• Leon Donsky campaigned for the North York Hydro Board in 1964, 1966, 1969, 1972 and 1974, losing each time. A 1964 newspaper article identifies him as a thirty-four-year-old electrical technology graduate from Ryerson Polytechnical Institute.[19]
  • Alex Davis (also called Alec Davis) campaigned for the North York Hydro Board in 1974 and 1976, and ran for the North York Board of education in 1978. A newspaper article from the latter campaign lists him as a forty-nine-year-old telecommunications manager. He supported completion of the Spadina Expressway.[20] He led a sub-committee to draft a smoking control by-law in 1984.[21]
  • Bernard Birman ran for the North York Hydro Board in 1972 and 1974, losing both times.
  • Peter Slattery was a first-time candidate.
  • William (Bill) Lynch campaigned for the North York City Council in 1969, and for the Hydro Council in 1974, 1980 and 1982. He was a member of the Liberal Party, although he campaigned as an independent. A newspaper article from his first campaign lists him as a thirty-eight-year-old car salesman.[22]
  • John (Jack) V. Newton was elected as a North York School Trustee in 1962, and was re-elected in 1964 and 1966 before losing to Margaret Grant in 1969. He supported religious teaching in the public system.[23] He campaigned for the North York City Council in 1972 and the Hydro Commission in 1974, and lost both times. A report from the 1972 election lists him as a metallurgical engineer and sales co-ordinator for the metal industry, and a member of the Progressive Conservative Party.[24] He tried to return to the Board of Education in 1976, and was again defeated.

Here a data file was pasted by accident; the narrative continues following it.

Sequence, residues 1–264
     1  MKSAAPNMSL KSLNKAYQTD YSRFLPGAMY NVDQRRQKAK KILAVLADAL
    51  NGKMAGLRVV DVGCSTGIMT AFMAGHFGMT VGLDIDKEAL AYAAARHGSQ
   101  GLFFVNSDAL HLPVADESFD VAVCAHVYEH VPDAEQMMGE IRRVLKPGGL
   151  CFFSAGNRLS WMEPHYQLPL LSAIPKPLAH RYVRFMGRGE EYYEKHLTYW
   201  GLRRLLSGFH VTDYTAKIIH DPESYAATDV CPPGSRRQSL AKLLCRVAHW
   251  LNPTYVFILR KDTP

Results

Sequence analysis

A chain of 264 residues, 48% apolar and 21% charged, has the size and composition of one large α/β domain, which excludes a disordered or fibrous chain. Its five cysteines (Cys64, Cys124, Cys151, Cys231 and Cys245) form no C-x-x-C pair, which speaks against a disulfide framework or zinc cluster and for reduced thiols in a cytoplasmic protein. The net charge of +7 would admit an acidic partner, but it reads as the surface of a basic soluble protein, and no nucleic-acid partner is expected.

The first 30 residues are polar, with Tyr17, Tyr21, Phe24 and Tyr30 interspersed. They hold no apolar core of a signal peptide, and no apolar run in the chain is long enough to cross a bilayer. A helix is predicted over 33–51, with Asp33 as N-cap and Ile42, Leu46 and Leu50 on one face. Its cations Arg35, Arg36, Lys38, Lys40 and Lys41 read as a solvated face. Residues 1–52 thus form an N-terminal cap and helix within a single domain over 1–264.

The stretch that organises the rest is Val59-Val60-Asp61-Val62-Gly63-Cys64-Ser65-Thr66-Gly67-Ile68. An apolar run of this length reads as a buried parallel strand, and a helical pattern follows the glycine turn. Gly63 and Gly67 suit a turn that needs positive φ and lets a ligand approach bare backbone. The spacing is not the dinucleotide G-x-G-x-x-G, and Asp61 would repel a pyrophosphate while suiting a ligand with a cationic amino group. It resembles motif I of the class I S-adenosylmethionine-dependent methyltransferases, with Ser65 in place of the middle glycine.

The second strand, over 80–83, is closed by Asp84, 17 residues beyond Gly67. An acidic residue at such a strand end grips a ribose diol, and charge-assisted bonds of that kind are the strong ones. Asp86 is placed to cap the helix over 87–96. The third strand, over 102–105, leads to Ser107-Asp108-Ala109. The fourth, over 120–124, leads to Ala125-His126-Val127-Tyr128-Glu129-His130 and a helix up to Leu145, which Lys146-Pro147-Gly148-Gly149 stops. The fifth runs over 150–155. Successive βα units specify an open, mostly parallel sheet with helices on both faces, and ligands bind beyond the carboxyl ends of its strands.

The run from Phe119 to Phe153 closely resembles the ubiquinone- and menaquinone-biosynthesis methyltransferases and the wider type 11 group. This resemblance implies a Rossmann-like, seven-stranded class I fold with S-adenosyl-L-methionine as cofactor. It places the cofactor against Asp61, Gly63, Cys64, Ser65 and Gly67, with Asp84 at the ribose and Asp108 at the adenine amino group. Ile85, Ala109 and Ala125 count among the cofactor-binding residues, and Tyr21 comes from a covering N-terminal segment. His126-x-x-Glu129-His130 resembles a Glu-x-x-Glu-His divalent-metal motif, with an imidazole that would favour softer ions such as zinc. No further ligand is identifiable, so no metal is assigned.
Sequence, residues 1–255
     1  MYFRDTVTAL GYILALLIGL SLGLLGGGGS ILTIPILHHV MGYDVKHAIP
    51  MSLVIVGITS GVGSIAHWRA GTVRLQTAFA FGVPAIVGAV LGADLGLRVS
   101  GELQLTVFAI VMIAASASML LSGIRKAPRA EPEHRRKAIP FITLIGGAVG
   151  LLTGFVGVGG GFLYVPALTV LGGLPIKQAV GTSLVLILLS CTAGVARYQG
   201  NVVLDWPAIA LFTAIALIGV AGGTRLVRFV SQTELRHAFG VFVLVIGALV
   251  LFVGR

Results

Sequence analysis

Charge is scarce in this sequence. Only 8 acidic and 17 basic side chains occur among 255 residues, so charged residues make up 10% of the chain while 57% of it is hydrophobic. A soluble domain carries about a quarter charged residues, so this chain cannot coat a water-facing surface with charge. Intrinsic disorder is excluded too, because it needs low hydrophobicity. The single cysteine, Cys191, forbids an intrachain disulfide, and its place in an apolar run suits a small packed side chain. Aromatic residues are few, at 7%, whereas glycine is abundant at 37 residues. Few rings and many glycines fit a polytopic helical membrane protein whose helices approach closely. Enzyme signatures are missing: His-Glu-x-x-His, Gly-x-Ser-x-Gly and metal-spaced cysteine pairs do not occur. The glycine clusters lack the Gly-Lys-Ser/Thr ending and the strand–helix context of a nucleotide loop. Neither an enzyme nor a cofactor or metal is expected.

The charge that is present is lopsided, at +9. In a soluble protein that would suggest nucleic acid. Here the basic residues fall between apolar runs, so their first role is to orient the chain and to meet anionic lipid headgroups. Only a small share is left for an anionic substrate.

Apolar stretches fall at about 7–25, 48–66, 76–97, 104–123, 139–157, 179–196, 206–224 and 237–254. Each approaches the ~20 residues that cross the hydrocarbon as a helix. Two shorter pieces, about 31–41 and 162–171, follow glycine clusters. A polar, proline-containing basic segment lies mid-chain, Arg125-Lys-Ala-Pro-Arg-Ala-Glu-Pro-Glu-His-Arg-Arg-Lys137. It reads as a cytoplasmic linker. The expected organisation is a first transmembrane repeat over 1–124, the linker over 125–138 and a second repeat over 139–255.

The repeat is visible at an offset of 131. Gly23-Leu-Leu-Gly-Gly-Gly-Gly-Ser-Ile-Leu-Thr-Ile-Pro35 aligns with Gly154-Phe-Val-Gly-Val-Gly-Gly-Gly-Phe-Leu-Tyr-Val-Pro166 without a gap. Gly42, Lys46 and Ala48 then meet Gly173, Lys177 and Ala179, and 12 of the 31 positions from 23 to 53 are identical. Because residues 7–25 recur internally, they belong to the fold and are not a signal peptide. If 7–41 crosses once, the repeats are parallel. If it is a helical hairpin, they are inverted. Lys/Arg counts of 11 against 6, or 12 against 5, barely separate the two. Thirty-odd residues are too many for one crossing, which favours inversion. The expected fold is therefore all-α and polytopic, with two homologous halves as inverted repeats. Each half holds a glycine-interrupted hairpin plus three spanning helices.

Results taken from the Toronto Star, 3 December 1974.
The final official results were not significantly different.


In Scarborough, Paul Cosgrove was elected as Mayor of Scarborough.[25]

Paul Cosgrove, 51,120
John McMahon, 6,432
Board of Control
Gus Harris, 37,931
Ken Morrish, 37,277
Brian Harrison, 32,643
Joyce Trimmer, 28,659
Anne Johnston, 20,831
Karl Mallette, 20,430
Ward 1
Bill Belfontaine, 3,983
Wally Malesky, 983
Ward 2
Carol Ruddell, 2,671
Jon Halun, 1,183
Gordon McMillen, 681
Ward 3
Norm Kelly, 2,503
Herb Crosby, 1,770
Jim Cottrell, 978
Kevin Smith, 151
Ward 4
Jack Goodland, 3,483
Ted Littleford, 1,431
Ward 5
Frank Faubert, 3,458
Spurge Near, 1,963
Ward 6
Fred Bland, 2,335
Ross Daswell, 1,437
Michael McPherson, 630
Richard Wells, 413
Ward 7
Ed Fulton (acclaimed)
Ward 8
Shirley Eidt (acclaimed)
Ward 9